Ruble Traders Get That Sinking Feeling Cheap Oil Is Here to Stay

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(Bloomberg) -- The ruble fell more than any other major currency and borrowing costs surged as negative crude prices in the U.S. pointed to a period of unprecedented weakness for Russia’s key export earner.

The currency was poised for its steepest two-day slide in a month, as traders ignored assurances from President Vladimir Putin’s spokesman that Russia had the resources to weather the slump and that record-low oil prices shouldn’t be seen in an “apocalyptic” light.

The Russian market is being hit by “the realization that we may have an extended period of lower prices,” said Peter Kinsella, London-based global head of forex strategy at Union Bancaire Privee. The prospect of a return to interest-rate cuts at the end of the week is also adding pressure to the currency, he said.

Ruble Traders Get That Sinking Feeling Cheap Oil Is Here to Stay

Should the ruble’s slide accelerate dramatically, those plans for monetary easing may be shelved, Kinsella said.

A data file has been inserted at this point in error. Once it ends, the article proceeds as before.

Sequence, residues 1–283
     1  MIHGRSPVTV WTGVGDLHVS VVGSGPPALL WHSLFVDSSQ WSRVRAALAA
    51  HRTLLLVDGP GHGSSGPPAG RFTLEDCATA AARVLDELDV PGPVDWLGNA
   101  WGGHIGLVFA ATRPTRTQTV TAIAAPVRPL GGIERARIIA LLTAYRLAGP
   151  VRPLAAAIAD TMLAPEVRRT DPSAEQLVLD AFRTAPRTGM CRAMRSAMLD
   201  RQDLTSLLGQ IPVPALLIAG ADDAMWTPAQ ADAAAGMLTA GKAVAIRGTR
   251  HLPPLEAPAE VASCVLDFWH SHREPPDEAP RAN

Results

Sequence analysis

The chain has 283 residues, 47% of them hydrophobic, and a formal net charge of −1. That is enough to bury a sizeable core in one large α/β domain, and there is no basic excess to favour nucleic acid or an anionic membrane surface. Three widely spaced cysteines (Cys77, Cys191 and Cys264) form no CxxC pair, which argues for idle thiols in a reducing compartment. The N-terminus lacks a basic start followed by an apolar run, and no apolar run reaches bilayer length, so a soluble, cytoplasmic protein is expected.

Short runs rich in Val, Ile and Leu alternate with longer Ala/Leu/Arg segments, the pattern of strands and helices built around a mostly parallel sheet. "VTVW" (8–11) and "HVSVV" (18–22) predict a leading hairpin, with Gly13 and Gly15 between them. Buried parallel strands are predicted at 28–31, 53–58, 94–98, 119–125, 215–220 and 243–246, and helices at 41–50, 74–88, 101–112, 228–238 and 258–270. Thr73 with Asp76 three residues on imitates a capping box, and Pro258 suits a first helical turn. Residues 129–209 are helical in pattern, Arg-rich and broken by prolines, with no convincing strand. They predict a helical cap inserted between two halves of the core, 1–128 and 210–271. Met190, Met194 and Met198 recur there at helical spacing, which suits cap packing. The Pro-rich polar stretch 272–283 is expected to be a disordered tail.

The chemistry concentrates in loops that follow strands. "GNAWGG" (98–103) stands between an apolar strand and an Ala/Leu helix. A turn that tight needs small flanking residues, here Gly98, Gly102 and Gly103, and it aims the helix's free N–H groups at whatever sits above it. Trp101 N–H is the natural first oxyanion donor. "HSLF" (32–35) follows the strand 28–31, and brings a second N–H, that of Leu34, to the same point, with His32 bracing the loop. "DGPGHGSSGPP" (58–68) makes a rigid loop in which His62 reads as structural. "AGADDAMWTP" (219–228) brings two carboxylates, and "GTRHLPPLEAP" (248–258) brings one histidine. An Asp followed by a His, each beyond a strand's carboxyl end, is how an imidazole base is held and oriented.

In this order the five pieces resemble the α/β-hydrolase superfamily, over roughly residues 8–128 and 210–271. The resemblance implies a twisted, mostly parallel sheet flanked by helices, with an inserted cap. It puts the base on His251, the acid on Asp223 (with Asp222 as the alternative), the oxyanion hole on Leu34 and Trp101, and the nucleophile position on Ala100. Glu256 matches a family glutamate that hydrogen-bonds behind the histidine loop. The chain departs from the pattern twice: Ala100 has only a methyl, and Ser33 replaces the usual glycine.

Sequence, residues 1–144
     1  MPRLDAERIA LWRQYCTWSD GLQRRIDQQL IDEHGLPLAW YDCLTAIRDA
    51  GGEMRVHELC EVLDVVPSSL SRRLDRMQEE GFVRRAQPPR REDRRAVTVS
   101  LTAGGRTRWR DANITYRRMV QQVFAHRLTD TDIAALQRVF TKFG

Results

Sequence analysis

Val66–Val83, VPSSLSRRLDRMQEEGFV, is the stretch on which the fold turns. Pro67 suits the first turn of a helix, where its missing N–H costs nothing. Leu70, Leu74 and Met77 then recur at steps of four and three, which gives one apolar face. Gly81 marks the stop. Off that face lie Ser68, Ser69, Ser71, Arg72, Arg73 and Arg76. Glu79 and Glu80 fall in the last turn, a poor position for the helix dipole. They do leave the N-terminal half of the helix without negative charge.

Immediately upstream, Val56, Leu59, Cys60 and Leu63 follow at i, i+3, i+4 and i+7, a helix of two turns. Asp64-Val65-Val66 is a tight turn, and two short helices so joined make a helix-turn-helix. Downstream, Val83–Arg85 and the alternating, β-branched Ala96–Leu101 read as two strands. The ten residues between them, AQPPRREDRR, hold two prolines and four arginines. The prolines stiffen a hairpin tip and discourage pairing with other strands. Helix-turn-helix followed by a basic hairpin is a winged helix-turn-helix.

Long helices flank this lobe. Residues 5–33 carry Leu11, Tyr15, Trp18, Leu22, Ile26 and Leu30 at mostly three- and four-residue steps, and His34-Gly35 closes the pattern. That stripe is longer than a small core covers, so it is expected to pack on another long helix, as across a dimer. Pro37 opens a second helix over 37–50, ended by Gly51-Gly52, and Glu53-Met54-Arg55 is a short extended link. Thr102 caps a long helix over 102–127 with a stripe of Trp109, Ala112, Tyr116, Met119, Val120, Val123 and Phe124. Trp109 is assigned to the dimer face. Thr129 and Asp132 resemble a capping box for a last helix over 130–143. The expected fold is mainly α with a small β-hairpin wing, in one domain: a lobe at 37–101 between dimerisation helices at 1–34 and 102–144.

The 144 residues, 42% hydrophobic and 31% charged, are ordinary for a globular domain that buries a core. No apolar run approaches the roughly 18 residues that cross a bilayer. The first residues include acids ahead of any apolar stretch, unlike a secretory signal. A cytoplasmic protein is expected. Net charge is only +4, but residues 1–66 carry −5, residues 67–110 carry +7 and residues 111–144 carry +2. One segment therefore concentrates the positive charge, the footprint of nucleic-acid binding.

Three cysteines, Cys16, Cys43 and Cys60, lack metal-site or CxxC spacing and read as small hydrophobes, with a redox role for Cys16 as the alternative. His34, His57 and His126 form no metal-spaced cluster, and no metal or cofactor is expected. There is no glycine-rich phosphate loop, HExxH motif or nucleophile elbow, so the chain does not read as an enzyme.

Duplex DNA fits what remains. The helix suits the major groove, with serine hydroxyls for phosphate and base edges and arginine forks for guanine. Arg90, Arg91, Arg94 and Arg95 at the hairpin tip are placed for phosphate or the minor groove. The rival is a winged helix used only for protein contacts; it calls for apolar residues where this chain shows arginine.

Russia’s low debt burden and half a trillion dollars of reserves made it a favorite last year among emerging-market investors. But the scope of the slump in crude has thrown up memories of the nation’s bitterest contractions as Russia’s Urals blend touched levels last seen in 1998, the year the country defaulted on its local debt and devalued the ruble.

Ten-year bond yields jumped the most since March 18. The Finance Ministry announced a mix of medium-maturity floating and fixed-rate ruble notes for its weekly auctions on Wednesday.

The currency traded 2.2% weaker at 77.2350 per dollar as of 6:30 p.m. in Moscow, headed for its lowest since April 2. The ruble should trade closer to 78-83 per dollar, according to Deutsche Bank.

Current levels are “not sustainable if oil doesn’t stabilize,” analyst Christian Wietoska said. “The valuation looks stretched historically and versus peers.”

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